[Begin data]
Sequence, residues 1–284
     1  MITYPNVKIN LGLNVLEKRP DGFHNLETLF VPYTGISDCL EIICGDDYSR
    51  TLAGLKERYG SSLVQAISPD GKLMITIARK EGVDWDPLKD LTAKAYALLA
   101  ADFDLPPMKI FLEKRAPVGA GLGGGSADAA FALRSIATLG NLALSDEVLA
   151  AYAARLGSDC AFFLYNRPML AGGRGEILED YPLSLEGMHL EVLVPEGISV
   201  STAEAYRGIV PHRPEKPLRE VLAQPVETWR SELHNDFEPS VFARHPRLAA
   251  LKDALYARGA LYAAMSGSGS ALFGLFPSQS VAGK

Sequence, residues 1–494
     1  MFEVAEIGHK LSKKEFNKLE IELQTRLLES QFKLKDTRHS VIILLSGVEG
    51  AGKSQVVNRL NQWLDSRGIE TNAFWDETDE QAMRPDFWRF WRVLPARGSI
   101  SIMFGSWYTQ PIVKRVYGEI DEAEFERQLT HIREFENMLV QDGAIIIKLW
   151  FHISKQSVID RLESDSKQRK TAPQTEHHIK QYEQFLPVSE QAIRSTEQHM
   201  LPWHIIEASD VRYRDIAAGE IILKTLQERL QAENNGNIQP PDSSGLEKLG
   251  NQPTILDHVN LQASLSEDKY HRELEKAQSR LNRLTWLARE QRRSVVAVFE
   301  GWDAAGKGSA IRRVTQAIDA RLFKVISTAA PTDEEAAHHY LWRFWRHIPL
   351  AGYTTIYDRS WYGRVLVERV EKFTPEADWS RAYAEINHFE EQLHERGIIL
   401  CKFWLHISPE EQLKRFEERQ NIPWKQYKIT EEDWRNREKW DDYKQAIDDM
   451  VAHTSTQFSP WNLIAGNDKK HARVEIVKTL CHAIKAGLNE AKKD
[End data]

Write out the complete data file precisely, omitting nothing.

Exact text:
Sequence, residues 1–284
     1  MITYPNVKIN LGLNVLEKRP DGFHNLETLF VPYTGISDCL EIICGDDYSR
    51  TLAGLKERYG SSLVQAISPD GKLMITIARK EGVDWDPLKD LTAKAYALLA
   101  ADFDLPPMKI FLEKRAPVGA GLGGGSADAA FALRSIATLG NLALSDEVLA
   151  AYAARLGSDC AFFLYNRPML AGGRGEILED YPLSLEGMHL EVLVPEGISV
   201  STAEAYRGIV PHRPEKPLRE VLAQPVETWR SELHNDFEPS VFARHPRLAA
   251  LKDALYARGA LYAAMSGSGS ALFGLFPSQS VAGK

Sequence, residues 1–494
     1  MFEVAEIGHK LSKKEFNKLE IELQTRLLES QFKLKDTRHS VIILLSGVEG
    51  AGKSQVVNRL NQWLDSRGIE TNAFWDETDE QAMRPDFWRF WRVLPARGSI
   101  SIMFGSWYTQ PIVKRVYGEI DEAEFERQLT HIREFENMLV QDGAIIIKLW
   151  FHISKQSVID RLESDSKQRK TAPQTEHHIK QYEQFLPVSE QAIRSTEQHM
   201  LPWHIIEASD VRYRDIAAGE IILKTLQERL QAENNGNIQP PDSSGLEKLG
   251  NQPTILDHVN LQASLSEDKY HRELEKAQSR LNRLTWLARE QRRSVVAVFE
   301  GWDAAGKGSA IRRVTQAIDA RLFKVISTAA PTDEEAAHHY LWRFWRHIPL
   351  AGYTTIYDRS WYGRVLVERV EKFTPEADWS RAYAEINHFE EQLHERGIIL
   401  CKFWLHISPE EQLKRFEERQ NIPWKQYKIT EEDWRNREKW DDYKQAIDDM
   451  VAHTSTQFSP WNLIAGNDKK HARVEIVKTL CHAIKAGLNE AKKD